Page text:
A trio of landowners proposed rezoning 87 acres near Lake Anna for residential use, drawing criticism from neighbors who say it will create too much boat traffic.
The Louisa County Planning Commission deferred action July 11 on the rezoning. Members asked the property owners to analyze the fiscal impact on the county of the development’s 92 new residential lots.
The land to be rezoned is outside the Lake Anna designated growth area. The only road access is via Buckners Lane, a narrow lane that links the property to Johnson Road (Rt. 700).
Torrey Williams, an attorney for the owners, said he didn’t think they could be required to do a fiscal impact study. Chairman Holly Reynolds (Green Springs district) agreed that they couldn’t, but the commission could certainly ask for one. The hearing followed on the heels of three rezoning proposals in Zion Crossroads. All three developers presented fiscal impact reports on how their projects would affect public schools, public safety services and the tax base.
“The times they are-a-changing. Somebody’s going to have to pay to upgrade Buckners Lane” to [Virginia Department of Transportation] standards, Reynolds said in calling for the study.
The owners include W.W. Whitlock Agency Inc.; W.A. Cooke Inc.; and Hawkwood Timberlands LLC, which is managed by John Purcell.
The three landowners are willing to proffer that even with the rezoning, the residential lots will be at least 1.5 acres in size. That’s the minimum lot size in the agricultural (A-2) zoning district. The reason to rezone the property is to allow 43 new lots, while the property is likely to have as few as seven division rights with the current zoning.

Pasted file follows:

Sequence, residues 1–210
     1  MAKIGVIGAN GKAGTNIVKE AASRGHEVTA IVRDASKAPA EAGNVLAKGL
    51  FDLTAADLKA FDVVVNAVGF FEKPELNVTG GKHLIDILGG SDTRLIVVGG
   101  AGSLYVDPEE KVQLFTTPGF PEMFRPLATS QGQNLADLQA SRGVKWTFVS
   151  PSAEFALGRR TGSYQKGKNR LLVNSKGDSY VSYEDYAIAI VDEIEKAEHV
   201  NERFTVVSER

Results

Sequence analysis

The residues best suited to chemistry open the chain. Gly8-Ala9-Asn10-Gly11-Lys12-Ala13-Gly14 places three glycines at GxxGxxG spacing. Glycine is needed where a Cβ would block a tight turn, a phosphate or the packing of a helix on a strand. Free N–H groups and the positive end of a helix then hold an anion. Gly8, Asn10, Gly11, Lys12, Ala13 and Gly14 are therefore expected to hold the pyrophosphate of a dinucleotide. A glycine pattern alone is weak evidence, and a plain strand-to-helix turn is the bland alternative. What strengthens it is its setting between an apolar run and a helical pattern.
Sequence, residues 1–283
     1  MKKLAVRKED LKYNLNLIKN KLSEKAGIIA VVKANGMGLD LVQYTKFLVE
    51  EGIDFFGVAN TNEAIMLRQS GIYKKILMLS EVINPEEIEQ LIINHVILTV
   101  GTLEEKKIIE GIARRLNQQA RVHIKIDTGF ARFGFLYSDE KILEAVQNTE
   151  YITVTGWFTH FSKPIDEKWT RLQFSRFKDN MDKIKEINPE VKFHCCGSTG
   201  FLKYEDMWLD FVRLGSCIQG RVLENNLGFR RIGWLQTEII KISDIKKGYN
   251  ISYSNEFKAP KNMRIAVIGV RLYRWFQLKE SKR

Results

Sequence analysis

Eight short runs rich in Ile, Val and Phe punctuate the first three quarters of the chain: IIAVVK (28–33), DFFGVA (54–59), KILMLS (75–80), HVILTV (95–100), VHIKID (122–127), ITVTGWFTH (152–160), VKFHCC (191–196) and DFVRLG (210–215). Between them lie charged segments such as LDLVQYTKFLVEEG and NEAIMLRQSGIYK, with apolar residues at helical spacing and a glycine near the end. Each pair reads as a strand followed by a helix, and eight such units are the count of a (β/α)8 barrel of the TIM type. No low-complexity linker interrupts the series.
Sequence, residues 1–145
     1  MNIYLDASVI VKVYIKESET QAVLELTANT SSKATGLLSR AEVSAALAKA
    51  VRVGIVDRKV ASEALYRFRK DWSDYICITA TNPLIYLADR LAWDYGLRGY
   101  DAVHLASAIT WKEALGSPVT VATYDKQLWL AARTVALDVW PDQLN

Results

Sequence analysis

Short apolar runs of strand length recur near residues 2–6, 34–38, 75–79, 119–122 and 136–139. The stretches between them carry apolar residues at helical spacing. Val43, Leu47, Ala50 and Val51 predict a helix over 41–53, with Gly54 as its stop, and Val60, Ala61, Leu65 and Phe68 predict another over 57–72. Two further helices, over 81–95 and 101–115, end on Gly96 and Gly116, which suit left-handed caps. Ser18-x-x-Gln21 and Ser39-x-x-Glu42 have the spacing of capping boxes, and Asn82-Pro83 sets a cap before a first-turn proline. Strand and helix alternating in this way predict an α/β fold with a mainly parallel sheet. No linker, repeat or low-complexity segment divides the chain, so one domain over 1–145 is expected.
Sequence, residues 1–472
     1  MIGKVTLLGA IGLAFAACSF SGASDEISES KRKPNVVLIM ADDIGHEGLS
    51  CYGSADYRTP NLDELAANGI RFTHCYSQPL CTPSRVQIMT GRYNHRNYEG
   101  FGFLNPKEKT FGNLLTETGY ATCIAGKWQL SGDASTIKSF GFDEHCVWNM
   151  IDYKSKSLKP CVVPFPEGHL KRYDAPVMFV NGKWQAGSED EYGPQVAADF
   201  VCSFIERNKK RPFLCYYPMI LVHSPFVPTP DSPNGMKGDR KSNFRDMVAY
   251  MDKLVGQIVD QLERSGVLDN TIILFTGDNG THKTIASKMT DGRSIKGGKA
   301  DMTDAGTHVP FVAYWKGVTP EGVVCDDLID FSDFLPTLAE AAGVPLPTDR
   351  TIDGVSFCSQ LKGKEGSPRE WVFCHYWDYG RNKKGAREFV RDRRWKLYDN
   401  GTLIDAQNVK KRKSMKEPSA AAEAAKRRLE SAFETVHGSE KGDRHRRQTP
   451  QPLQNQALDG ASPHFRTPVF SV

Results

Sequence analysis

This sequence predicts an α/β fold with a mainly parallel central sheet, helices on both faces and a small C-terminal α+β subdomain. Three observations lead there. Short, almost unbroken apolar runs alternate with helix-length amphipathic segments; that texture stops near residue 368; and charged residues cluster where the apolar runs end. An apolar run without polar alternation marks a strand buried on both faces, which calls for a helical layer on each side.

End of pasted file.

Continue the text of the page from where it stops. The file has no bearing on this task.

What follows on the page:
“This portion of the lake has access issues,” Williams said. “We’re trying to turn it into a decent, useable property. It’s currently locked in land use and is not valuable to the county. We want to put it on the tax rolls.”
Residents of Seclusion Shores, a subdivision on the upper part of Elk Creek, say their cove is too small to handle the impact of 92 new residential lots, including the 43 in the area to be rezoned and 49 that are already zoned R-2. Their neighborhood is directly across the cove from the proposed development. The Waters and Elk Creek Landing, two much larger subdivisions that generate their own boat traffic, are downstream.
Earl Eck, a Seclusion Shores landowner, said he estimates the new housing would add 50 more boats in the upper end of the cove.
“That puts my swimming area in the kill zone,” Eck said. “I spent 13 years in defense intelligence and I’ve done a lot of risk analysis. This is not hard to figure out—it’s extremely dangerous.”
Tom Egeland, a Louisa County planner, said county staff regulate the distances between boat docks and the width of travel ways to try to ensure boaters’ and swimmers’ safety. But he emphasized that county rules are based on guidelines developed by Dominion Energy, which owns the lake.
“The buck stops with Dominion,” he said. “They’re not going to approve something that’s too close together or too long or will interfere with navigating the cove.”
While several residents were upset about the potential impact of the new development on the water, others questioned the fairness of the rezoning.
“If you do this, I want the right to do it on my land,” Judith Chisholm-Stone, who owns a large agricultural tract next to the property, said.